But for certain companies – the kinds of companies who make Snuggies and ShamWows – the Graveyard is primetime. It’s dirt-cheap media space. It’s highly efficient for testing products and messaging against targeted consumer segments. It’s the perfect perch for Perfect Polly, the plastic parakeet with a swiveling head and a chirp like a 1980s car alarm. It’s the choicest real estate for the SnapNPump, a vacuum sealer for sandwich bags. And it’s pretty much the only timeslot socially acceptable for the UroClub, a nine iron golf club that doubles as a portable urinal.
This is beautiful:
SAN FRANCISCO — What does not kill me, makes me stronger. So said Nietzsche, Conan the Barbarian, and Kelly Clarkson.
Now Netflix cloud director Ariel Tseitlin is taking that philosophy to its natural limit in the world of the cloud. Every day, he unleashes an army of virtual monkeys on his company’s computing infrastructure, trying to kill it. Every day, it survives — and it gets stronger, more resilient, and more resistant to real outages. By now, it is almost unkillable.
As a result, Netflix has managed to stay online even while other users of Amazon’s cloud system have gone offline.
“Their sole purpose is to make sure that we’re failing in a consistent and frequent enough way to make sure that we don’t drift into overall failure,” Tseitlin said today at CloudBeat 2013, VentureBeat’s conference on the enterprise cloud.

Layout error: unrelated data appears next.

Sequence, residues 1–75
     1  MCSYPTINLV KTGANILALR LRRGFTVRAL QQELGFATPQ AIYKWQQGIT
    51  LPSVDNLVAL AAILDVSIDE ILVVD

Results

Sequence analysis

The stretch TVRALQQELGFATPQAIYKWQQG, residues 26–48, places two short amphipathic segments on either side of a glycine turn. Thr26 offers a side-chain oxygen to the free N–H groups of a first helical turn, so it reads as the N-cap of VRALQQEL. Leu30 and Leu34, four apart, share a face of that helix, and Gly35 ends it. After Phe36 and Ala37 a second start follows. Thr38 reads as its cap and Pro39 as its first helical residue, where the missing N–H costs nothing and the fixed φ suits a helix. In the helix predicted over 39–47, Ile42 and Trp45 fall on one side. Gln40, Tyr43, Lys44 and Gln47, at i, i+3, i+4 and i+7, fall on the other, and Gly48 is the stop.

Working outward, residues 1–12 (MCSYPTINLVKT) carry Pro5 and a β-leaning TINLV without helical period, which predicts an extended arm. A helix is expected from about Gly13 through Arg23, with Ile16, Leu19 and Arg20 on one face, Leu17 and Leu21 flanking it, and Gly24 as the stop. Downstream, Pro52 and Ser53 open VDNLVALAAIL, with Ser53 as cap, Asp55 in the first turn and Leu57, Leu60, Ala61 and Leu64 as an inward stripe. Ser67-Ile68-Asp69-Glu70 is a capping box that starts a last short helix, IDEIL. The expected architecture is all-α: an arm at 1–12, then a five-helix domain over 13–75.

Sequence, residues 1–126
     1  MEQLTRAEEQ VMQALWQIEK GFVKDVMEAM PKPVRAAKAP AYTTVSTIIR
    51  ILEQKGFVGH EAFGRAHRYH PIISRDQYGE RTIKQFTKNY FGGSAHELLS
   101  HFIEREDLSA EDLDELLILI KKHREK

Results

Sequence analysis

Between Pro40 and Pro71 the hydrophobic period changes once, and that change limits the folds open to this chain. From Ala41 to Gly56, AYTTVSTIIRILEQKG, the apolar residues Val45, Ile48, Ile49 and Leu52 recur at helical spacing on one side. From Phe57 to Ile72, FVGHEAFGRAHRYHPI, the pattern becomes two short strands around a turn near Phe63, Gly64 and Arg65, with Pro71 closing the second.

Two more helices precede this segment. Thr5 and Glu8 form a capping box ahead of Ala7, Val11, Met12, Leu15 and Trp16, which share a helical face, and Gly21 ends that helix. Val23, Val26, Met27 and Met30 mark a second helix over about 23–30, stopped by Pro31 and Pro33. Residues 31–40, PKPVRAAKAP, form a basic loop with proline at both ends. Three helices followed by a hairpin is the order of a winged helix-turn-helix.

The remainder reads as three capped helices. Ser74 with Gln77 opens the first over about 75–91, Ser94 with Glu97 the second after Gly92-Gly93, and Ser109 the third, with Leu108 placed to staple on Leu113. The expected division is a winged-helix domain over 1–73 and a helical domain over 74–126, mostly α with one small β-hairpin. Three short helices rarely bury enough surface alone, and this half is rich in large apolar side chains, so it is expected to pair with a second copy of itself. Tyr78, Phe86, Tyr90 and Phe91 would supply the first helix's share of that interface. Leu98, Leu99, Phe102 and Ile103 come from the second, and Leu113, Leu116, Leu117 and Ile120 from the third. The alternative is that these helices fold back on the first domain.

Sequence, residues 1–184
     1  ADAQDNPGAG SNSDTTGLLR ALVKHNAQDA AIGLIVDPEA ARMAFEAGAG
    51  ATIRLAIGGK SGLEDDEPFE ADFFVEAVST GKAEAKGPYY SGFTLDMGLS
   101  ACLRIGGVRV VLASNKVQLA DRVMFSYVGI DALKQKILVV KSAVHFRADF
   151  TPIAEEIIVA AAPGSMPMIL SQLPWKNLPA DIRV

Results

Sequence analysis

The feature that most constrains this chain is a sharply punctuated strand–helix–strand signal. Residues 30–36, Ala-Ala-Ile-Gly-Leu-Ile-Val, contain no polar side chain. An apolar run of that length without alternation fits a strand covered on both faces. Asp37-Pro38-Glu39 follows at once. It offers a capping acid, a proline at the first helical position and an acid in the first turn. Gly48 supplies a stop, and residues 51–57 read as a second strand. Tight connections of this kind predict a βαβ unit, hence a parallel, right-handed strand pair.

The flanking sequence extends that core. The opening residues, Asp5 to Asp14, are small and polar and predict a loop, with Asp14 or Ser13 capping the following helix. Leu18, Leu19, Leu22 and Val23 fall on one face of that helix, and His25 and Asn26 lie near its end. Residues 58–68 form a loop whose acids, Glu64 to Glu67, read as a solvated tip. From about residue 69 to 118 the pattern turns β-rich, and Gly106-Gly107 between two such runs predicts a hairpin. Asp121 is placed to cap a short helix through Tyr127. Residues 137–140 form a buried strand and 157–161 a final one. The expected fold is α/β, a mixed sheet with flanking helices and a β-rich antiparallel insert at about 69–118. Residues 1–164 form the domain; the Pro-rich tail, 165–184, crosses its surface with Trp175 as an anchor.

I hope that I have a few more years left before I come to die, but I have gotten incalculable pleasure from not owning a cellphone, even if I never did make it, as Thoreau did, to the woods. But in a few weeks, I will buy a phone. I am scared. I am afraid of losing a small part of my identity, goodbye to No-Phone Gary, cousin to Dial-Up Dave, wherever you are. I’m afraid of becoming rude, of placing my phone faceup on a restaurant table, or playing "Words with Friends" at a funeral because the deceased did, after all, like words and have friends.What I’m most afraid of, though, is becoming a tool of my tool, of having one less weapon in the never-ending battle to protect—to paraphrase Saul Bellow, another hero—the territory of my consciousness. I have intentions to be a different kind of smartphone user. I’ll use it only when I travel. At home, I’ll stow it far away from me, in a terrarium, with a snake. I’ll never text.